Innovative Technologies for Autism: Critical Reflections on Digital Bubbles

Project: Research council

Project Details


Autism is a lifelong condition that affects how people interact and communicate with others, and how people sense and think about the world. It is a spectrum, including people with severe learning difficulties and those with very high levels of intelligence. Diagnosis of ASC has increased, with UK estimates of at least 1 in 100 people. ASC can have negative effects on social development, relationships, access to social support, life skills, employment and independent living. However, technology is often seen as having a special attraction for people with ASC, and many technological supports (e.g. virtual reality games, apps, social robots, objects with embedded technology) have been developed to support people with ASC. Technology use in typically-developing people has been subject to dire warnings in the press about the ways it is cutting people off from social contact, into 'digital bubbles'. The same anxieties have been expressed about the use of technology in autism: will it increase social isolation, or does it provide a way of engaging with other people in a remote way? Unfortunately, research evidence is not integrated within or between disciplines and rarely presented to stakeholders for discussion. Scientific research on this topic comes from a wide range of disciplines, including education, psychology, computer science, human-computer interaction and engineering, but these disciplines also tend to exist in their own separate bubbles. This seminar series aims to bring together different disciplines to review and critically evaluate ways that technology might support or impair the wellbeing of people with ASC, and to bring aspects of the debate to stakeholders beyond the academy, including people with ASC, families and carers, professionals and practitioners. For example, what does the current evidence tell us, how does it help us to ask more subtle questions, e.g. about the differences of remote vs. live interaction with other people, are researchers making unjustified assumptions about technology use in autism, what can the different disciplines learn from each other and how can the debate be better informed by the views of stakeholders directly involved? This series of 7 seminars will bring together academics from different disciplines and end users to address 6 core areas within the 'autism and technology' agenda: (1) Social: setting out the possible benefits and concerns in technology use in autism (2) Developmental: looking across all stages of life from infancy to old age to learn from different approaches and assumptions (3) Methods: looking at how the question is studied (e.g. controlled experiments, analysing videos of interaction, methods of evaluating what works) (4) Technologies: looking at how questions might be very different depending on the sort of technology used, and how it is used, e.g. virtual vs real-world, individual or shared, to replace or add to other approaches (5) Disciplines: how different academic approaches can contribute and challenge each other (6) Diversity: what might be learnt by looking at the use of technology to support a whole range of groups, e.g. the elderly, dementia sufferers, those with limited communication, and more broadly looking across cultures and the general population, to challenge assumptions about technology use; well designed and informed development of technology may extend benefits to all. Finally (7) we bring together all the ideas and highlight areas for future collaboration and research.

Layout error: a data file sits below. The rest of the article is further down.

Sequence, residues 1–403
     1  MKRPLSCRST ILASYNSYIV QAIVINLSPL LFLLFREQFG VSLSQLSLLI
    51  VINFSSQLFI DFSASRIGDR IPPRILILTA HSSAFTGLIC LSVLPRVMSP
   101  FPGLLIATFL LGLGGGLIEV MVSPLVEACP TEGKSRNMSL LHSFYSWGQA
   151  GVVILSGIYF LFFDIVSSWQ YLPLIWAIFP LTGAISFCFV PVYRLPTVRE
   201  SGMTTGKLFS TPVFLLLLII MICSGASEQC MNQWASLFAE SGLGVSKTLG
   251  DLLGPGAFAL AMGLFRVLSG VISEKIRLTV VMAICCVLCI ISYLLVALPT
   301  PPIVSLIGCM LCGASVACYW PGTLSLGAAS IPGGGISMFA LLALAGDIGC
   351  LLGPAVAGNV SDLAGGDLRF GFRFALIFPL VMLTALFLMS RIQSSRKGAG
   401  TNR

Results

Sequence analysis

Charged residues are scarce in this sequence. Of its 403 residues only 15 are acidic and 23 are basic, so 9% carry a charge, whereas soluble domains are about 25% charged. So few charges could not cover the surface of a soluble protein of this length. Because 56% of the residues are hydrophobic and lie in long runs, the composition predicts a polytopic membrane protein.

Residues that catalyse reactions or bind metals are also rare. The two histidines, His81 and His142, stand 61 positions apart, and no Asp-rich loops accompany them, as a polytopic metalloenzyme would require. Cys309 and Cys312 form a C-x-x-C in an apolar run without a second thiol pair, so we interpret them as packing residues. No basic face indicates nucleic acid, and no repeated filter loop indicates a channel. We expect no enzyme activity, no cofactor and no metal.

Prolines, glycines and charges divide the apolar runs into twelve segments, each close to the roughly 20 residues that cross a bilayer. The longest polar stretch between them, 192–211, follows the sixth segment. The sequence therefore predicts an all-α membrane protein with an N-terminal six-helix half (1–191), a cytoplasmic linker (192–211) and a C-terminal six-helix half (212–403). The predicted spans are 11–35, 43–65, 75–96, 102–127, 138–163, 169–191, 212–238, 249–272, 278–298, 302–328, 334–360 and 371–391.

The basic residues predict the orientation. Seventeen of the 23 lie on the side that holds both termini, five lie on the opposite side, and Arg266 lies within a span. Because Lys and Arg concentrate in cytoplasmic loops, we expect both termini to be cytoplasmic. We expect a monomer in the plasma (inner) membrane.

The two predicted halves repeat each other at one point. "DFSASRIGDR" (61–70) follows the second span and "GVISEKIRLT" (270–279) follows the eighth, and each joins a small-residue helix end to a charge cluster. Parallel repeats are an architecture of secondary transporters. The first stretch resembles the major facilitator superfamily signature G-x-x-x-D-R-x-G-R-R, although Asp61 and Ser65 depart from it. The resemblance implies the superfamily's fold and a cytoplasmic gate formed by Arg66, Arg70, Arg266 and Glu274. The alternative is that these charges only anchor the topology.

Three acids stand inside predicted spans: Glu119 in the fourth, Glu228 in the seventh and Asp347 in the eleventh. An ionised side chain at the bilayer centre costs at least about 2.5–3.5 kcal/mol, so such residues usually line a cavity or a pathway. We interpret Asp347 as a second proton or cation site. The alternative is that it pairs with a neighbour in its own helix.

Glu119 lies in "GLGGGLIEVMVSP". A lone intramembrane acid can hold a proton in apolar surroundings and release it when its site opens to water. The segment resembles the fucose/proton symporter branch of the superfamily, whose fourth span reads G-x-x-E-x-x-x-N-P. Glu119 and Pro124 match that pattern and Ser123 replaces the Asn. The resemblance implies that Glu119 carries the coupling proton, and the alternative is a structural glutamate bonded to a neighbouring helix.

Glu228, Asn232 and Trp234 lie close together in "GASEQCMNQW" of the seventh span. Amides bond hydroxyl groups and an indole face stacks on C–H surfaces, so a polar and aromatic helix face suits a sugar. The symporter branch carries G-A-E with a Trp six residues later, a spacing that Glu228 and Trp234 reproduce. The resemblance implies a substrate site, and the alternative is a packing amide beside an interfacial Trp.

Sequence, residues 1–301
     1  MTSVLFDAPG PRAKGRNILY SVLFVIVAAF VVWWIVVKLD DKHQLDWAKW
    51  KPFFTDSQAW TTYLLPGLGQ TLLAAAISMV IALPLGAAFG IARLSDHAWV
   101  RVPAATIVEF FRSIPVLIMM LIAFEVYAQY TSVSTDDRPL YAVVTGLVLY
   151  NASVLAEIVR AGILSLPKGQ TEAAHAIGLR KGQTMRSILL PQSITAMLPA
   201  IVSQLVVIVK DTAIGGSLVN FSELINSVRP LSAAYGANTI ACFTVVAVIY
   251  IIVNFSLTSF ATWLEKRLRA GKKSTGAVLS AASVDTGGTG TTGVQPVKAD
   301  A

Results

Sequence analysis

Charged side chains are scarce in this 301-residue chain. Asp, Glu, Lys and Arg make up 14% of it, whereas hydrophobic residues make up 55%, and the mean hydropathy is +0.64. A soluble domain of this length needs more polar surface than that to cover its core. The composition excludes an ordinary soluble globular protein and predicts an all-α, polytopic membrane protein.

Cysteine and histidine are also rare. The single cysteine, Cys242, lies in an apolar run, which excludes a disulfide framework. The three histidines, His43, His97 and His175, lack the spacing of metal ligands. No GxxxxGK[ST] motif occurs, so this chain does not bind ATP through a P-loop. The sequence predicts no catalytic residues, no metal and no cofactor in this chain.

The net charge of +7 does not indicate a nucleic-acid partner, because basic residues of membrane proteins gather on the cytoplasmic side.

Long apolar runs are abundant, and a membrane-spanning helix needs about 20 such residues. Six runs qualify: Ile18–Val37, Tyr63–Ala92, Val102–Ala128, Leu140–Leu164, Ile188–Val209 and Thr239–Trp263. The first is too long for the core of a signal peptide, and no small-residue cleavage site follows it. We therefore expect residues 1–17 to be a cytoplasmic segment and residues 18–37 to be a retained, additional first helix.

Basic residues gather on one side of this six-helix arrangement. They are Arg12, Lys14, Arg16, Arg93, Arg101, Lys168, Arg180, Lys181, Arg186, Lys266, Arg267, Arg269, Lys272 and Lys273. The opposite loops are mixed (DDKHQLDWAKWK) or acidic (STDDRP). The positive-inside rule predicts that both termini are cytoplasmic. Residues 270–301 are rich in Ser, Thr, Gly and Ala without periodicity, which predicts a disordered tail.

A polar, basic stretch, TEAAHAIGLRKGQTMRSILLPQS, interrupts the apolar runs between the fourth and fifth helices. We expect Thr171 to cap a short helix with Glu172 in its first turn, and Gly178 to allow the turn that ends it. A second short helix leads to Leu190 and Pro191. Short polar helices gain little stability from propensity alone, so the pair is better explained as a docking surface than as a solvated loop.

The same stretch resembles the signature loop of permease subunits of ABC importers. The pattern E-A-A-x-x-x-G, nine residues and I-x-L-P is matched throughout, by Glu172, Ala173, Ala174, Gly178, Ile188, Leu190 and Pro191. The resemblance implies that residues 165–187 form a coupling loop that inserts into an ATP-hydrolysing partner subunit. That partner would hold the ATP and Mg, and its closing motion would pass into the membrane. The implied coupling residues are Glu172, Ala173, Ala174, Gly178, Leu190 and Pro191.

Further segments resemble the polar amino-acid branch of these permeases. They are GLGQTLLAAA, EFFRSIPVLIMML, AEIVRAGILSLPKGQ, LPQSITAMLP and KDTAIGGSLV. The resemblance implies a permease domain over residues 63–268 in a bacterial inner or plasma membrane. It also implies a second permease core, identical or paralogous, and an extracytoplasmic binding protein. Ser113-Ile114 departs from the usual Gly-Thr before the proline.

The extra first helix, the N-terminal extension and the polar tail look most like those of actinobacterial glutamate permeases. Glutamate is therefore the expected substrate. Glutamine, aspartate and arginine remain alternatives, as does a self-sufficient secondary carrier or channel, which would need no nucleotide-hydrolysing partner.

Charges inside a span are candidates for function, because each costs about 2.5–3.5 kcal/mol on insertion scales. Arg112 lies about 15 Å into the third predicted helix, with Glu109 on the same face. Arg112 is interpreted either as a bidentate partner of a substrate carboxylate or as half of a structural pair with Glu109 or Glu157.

Effective start/end date3/11/142/12/16


  • Economic and Social Research Council


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